Decisions. Decisions. My wife wants me to thin out my computer stuff. Without doing a formal inventory, which I tried once and gave up on because it was just too much, here's what I have:

1. Two complete PII computers
2. One AMDK6 computer
3. One PIII computer
4. One P4, almost complete - it's a Compaq Evo (small form thing) with no optical drive
5. Another P4 - CPU is good, board is bad. I haven't checked the other components; hit by lightning.

All are sitting idle and with the exception of number 5, all are working. As for spare parts, that's where the formal inventory part became too much. I have one spare monitor (good to have), three or four keyboards (good to have), several hard drives, one or two CDROMs, a few power supplies, memory, sound cards, video cards, Ethernet cards, power cords, and more. Most of the parts are from the PI and PII era and may not be be practical anymore. I don't think anyone would want an 8MB video card unless they have a PI or PII that is still used daily and they so no need to part with.

If you're local and are looking for something, contact me (upper right). I don't want to part with everything (the PIII is not available and neither is the monitor) but I want to clear things out.

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Myron Cope, 1929-2008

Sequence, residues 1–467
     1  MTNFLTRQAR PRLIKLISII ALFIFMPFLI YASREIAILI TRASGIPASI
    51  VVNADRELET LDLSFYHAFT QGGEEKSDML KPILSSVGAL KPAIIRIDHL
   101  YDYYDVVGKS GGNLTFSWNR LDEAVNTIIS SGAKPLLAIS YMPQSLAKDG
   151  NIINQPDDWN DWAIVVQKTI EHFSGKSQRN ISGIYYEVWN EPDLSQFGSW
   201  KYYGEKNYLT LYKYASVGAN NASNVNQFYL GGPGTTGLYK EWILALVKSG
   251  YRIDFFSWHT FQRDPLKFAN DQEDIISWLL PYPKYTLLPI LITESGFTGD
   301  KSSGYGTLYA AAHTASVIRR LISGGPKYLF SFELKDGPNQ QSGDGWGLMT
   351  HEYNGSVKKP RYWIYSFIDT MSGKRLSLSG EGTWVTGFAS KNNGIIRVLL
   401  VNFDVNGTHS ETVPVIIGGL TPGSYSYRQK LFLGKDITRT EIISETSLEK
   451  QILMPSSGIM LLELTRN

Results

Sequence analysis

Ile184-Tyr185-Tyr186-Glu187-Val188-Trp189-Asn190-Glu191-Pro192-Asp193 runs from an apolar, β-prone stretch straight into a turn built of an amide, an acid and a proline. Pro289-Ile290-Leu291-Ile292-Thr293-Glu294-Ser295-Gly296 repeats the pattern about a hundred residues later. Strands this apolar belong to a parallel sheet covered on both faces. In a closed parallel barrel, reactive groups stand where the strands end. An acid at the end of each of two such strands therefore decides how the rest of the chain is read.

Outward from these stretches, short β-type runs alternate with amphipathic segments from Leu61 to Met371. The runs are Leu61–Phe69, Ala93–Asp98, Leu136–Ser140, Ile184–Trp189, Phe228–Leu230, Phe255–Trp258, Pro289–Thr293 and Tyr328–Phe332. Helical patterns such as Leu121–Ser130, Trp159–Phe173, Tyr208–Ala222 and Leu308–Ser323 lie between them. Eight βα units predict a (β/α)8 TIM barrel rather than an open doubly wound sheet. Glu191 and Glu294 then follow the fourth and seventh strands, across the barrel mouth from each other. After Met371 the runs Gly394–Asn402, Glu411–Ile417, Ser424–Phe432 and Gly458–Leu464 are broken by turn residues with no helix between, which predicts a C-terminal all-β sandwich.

Fellow Pittsburgh alumnus Myron Cope has passed away. A local legend, Cope was an integral part of Pittsburghcana. Outsiders may have found him hard to bear but, just as I did as an outsider, I learned to appreciate the man and understand how much he meant to Pittsburghers. He was truly one of a kind and his golden voice and witty perspectives will sorely be missed. yoi!

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Another relic from the days when things were built to last has seen its time come. We decided to replace the stove. We bought a Kenmore with the flat glass top and electronic controls, yay. Call me old-fashioned but turning some knobs to set a temperature and time works remarkably well. I can't wait to see how complicated appliance makers have made cooking. I am the cook; the oven just gives me the heat I need. I don't like to boast, but I am a damn fine cook, too. I make almost all the meals around here. However, I am not a baker. Baking is too messy and I am not a big cookie, cake, and pie guy. Meals are my forte.

This was the original stove in the house and, thus, dates back to 1974. It's a Hotpoint drop-in.

A beauty, eh?

Here's a view of the top.